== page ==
Applebaum acknowledged that the paving of 17th ave funded by Trans Mountain is a nice improvement, however, it was a need that arose due to their use of the road.

She has an idea that could benefit the whole community in the future. A fee paid for every pipeline worker living out outside of camp over the original proposed number of 150 (non-camp workers) would bring revenue for the Village.

At a rate of five percent of the workers’ living-out allowance, with the current numbers, the Village of Valemount could collect $262,500/month in revenue. A rate of half that would bring in $131,250/month. Applebaum’s idea is that this money would go into a housing fund for community staff housing and to cover the cost of a housing coordinator within the Village.

“This would not be an immediate solution, but it would give the community a long-term benefit to look forward to as we are drowning under the weight of the pipeliners.”

Near the end of July, Trans Mountain reported there were 500 pipeline employees not staying in camp. Six months later, that number has tripled. According to Trans Mountain, as of January 31, 2022, approx. 1,500 workers in the Valemount area were not residing in the camp community. They are also predicting that the population has not peaked, estimating that to occur “sometime in early 2022.” And while the Blue River 550 bed camp community is now open and could reduce housing pressure, Trans Mountain has not confirmed how many of the people staying in Blue River are moving from Valemount vs. new hires being added to the roster.

Not a balanced approach

Trans Mountain says their worker accommodation strategy “strives to balance economic benefits for local accommodation, retail and service providers with increased demand on accommodation and services that may impact the community.”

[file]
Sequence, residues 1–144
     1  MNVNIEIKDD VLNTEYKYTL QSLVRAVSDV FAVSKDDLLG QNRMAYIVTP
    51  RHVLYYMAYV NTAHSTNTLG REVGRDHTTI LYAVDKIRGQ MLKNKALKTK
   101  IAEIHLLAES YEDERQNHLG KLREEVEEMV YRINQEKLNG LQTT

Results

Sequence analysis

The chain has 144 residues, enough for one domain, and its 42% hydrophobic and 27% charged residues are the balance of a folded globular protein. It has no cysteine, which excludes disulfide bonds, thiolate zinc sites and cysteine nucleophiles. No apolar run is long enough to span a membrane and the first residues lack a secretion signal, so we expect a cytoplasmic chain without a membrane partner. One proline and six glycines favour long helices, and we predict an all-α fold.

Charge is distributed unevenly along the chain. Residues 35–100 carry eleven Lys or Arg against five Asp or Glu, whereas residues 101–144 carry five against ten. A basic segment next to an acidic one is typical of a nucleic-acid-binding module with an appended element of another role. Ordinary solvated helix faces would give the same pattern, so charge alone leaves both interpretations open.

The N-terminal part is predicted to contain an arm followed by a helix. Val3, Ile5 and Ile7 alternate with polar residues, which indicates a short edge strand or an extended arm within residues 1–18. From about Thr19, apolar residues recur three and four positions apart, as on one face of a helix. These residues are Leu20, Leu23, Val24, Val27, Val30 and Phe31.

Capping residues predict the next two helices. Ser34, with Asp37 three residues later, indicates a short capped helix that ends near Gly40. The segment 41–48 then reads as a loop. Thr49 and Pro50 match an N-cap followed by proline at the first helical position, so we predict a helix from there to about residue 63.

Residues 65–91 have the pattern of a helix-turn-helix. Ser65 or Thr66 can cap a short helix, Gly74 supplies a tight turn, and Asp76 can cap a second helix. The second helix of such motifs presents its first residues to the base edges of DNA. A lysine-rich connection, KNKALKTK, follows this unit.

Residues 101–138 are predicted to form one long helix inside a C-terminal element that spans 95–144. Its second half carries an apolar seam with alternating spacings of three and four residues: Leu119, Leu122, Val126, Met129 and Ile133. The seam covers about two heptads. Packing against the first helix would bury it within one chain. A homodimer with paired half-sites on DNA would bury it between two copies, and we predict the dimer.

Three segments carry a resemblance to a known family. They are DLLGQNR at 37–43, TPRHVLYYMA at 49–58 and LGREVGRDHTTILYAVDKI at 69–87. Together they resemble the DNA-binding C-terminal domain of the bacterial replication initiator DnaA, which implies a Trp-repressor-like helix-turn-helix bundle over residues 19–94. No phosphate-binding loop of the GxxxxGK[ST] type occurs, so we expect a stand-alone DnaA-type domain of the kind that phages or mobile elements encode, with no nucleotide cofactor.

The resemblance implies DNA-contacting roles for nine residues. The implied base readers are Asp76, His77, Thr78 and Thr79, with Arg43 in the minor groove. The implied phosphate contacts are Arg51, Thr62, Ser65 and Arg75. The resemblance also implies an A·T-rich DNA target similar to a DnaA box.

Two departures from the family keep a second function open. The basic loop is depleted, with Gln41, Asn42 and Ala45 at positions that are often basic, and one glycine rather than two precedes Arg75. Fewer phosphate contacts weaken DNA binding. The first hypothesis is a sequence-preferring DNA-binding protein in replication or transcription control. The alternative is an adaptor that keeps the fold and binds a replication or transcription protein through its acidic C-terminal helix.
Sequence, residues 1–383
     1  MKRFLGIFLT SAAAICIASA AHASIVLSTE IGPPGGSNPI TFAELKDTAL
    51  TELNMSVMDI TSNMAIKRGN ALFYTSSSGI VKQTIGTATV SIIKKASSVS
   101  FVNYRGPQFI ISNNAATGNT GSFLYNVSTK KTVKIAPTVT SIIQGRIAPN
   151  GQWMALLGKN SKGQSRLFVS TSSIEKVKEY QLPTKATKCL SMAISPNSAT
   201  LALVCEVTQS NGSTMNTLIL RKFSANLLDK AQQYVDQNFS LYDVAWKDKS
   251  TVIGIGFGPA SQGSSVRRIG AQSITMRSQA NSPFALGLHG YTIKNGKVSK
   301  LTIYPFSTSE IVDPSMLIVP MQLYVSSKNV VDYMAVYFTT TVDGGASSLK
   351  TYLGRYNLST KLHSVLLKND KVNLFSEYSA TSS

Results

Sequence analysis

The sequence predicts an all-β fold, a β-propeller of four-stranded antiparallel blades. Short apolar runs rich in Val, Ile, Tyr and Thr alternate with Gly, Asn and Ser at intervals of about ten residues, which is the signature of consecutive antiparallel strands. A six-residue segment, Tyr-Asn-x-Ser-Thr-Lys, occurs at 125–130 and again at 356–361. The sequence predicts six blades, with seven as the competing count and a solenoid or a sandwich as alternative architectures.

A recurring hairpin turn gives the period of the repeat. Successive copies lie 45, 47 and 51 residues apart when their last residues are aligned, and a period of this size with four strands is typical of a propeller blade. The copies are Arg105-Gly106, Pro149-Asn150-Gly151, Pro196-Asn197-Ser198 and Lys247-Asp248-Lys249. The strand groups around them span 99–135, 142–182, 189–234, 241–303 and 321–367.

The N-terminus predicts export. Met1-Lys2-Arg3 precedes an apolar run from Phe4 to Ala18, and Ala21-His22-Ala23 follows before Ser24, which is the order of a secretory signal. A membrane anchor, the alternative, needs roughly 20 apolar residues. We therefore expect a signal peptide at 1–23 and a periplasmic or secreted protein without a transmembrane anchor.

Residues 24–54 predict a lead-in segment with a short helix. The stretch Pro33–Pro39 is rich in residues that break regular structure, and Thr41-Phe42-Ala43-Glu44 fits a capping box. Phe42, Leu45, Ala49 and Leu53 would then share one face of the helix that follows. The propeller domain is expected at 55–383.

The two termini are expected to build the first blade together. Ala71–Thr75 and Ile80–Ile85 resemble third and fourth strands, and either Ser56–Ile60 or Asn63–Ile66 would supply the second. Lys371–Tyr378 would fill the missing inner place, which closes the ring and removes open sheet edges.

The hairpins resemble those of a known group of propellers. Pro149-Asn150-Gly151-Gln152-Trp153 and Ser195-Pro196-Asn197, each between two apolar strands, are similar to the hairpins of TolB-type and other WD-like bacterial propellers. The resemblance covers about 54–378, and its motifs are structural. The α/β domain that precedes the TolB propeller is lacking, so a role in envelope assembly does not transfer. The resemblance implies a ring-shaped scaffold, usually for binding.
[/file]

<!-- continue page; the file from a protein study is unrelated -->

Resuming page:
Although Glacier Fire Pizzeria owner Ryan Halliday has seen an increase in business, he is feeling the physical drain that comes from meeting the demand.

“Businesses are being run by owners,” he said. “Owners like myself and my wife who are working seven days a week, crazy hours. People can’t keep that up.”

Halliday says he would like to hire more help so that they can take a step back now and then to enjoy life, or go to the dentist and keep the shop open. They have not been able to get the staffing they need to allow that. Instead, they have had to close or adjust hours to take care of themselves. This creates more stress.

He is also concerned that the number of original residents that have packed up and left town due to lack of housing availability or the inability to run their business is going to have a lasting impact on the community.

He and his spouse are hoping to sell the business and have had a few people interested. Some interested parties have even requested that Halliday sell his house as part of the deal so that accommodation doesn’t become a problem, but Halliday says he’s not willing to use his house as a bargaining chip. He will continue to run the pizza shop until the lease is up in a few years unless the right offer comes along.